A Magic ‘Small Group’ Button

We recently provided our teachers with a simple view showing student scores by learning standard, or TEKS (Texas Essential Knowledge & Skills), across multiple assessments.

The TEKS are further categorized according to their STAAR reporting category and type and MAP Goal Area.  Using the data as an input, teachers can target and prioritize skills for whole and small group reteach.

TEKSbyCategory

TEKS

Several teachers have requested a “small group button” on these reports.  At the push of this button, the scholars in a class or across a grade would be subdivided into groups based on the students’ results on specific TEKS.  

So, for example, if John, Sandra, and Carlos are struggling to calculate the area of a rectangle, their teacher could provide targeted intervention to these three scholars on this skill.

The logic would also take into account the TEKS priority, the relative ranking of results (lowest to highest), and the desired size of the group.  Other features: include the number of instructional blocks available for reteach to limit the number of TEKS selected, based on their ranking, and make these conditions parameters, to accommodate each teacher.

All of the above is technically possible.  But, recently, I learned why it won’t work practically, at least not perfectly.  I sat in a data meeting at one of our primary schools this morning.  We were reviewing the results of their latest assessment and putting together small groups.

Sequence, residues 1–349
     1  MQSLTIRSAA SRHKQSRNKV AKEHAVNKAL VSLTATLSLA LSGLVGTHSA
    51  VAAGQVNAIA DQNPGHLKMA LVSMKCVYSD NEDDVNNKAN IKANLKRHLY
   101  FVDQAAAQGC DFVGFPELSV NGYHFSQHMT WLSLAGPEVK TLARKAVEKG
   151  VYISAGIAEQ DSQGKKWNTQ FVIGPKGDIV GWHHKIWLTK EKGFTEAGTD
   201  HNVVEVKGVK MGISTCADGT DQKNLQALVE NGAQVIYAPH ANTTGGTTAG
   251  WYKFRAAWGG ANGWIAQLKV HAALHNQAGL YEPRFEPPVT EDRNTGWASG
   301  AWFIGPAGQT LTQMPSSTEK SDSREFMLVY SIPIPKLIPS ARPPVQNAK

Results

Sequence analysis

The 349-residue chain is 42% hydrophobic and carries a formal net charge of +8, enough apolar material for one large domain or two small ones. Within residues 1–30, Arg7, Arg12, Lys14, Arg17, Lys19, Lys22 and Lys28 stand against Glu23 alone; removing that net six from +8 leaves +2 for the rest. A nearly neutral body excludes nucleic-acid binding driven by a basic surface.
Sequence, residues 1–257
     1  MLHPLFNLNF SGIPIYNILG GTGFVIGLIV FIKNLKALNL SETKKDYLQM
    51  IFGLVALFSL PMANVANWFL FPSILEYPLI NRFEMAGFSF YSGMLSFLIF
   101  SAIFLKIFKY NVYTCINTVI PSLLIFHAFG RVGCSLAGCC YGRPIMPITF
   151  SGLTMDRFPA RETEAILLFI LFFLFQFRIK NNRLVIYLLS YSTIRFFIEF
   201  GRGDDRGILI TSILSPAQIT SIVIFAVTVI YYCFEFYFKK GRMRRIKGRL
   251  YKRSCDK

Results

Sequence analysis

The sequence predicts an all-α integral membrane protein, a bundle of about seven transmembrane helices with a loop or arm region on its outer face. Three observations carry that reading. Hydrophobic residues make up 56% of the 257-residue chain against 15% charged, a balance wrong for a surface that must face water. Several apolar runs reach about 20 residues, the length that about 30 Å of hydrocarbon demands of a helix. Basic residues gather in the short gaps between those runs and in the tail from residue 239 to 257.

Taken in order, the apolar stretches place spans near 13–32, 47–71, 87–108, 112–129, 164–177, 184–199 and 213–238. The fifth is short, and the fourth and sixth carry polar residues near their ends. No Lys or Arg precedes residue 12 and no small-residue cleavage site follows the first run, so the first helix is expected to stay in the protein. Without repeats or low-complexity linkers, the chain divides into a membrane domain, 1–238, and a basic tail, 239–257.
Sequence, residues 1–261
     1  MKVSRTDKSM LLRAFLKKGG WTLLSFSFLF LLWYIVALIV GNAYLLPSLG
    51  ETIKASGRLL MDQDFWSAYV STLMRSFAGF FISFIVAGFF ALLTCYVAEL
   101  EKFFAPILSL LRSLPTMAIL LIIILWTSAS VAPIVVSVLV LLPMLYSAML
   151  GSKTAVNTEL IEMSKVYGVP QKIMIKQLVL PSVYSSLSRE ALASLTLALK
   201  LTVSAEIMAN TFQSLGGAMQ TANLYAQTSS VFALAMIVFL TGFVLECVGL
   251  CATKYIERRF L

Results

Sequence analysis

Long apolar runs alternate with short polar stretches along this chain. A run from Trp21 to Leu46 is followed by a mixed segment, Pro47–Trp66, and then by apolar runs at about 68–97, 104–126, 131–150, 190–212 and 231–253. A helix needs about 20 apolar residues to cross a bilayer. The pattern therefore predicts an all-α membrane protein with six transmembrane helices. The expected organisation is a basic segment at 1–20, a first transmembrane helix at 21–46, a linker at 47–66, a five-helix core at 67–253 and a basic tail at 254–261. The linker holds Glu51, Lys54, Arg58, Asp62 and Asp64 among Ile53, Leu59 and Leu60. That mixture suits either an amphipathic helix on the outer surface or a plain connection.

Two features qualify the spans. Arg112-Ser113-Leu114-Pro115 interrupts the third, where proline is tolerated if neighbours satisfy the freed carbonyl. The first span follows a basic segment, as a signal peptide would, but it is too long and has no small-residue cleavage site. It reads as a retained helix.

The small group button would have served us well, except that the decisions included these factors:  “We can’t put Kevin, James, and Denise in the same group” and “Tina will respond better to your style of teaching; Michael will respond better to mine, so let’s switch those groups around.”

These are the qualitative pieces that our data doesn’t currently capture but are vital to small group decisions.  While data can provide recommended groupings based on quantitative metrics, our solution must incorporate teacher feedback into the final listing.  No amount of data wizardry can replace this teacher insight.

– Lori

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